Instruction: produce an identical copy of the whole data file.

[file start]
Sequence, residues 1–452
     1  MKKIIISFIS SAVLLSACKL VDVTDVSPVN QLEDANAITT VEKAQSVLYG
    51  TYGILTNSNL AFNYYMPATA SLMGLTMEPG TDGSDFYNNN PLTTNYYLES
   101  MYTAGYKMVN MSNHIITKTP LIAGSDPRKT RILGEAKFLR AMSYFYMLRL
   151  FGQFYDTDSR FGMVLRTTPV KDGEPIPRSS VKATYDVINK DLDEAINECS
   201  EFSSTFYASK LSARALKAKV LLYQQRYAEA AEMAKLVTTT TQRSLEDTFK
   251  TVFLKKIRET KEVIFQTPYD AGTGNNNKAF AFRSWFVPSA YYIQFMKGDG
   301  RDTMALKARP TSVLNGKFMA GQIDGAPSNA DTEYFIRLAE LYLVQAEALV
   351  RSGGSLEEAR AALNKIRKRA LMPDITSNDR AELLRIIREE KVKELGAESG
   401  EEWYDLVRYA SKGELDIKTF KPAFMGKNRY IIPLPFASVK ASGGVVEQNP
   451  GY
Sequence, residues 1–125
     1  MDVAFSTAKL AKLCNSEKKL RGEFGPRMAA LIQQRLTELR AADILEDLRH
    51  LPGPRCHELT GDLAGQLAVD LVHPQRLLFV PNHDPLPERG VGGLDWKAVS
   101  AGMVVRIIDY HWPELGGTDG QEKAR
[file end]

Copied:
Sequence, residues 1–452
     1  MKKIIISFIS SAVLLSACKL VDVTDVSPVN QLEDANAITT VEKAQSVLYG
    51  TYGILTNSNL AFNYYMPATA SLMGLTMEPG TDGSDFYNNN PLTTNYYLES
   101  MYTAGYKMVN MSNHIITKTP LIAGSDPRKT RILGEAKFLR AMSYFYMLRL
   151  FGQFYDTDSR FGMVLRTTPV KDGEPIPRSS VKATYDVINK DLDEAINECS
   201  EFSSTFYASK LSARALKAKV LLYQQRYAEA AEMAKLVTTT TQRSLEDTFK
   251  TVFLKKIRET KEVIFQTPYD AGTGNNNKAF AFRSWFVPSA YYIQFMKGDG
   301  RDTMALKARP TSVLNGKFMA GQIDGAPSNA DTEYFIRLAE LYLVQAEALV
   351  RSGGSLEEAR AALNKIRKRA LMPDITSNDR AELLRIIREE KVKELGAESG
   401  EEWYDLVRYA SKGELDIKTF KPAFMGKNRY IIPLPFASVK ASGGVVEQNP
   451  GY
Sequence, residues 1–125
     1  MDVAFSTAKL AKLCNSEKKL RGEFGPRMAA LIQQRLTELR AADILEDLRH
    51  LPGPRCHELT GDLAGQLAVD LVHPQRLLFV PNHDPLPERG VGGLDWKAVS
   101  AGMVVRIIDY HWPELGGTDG QEKAR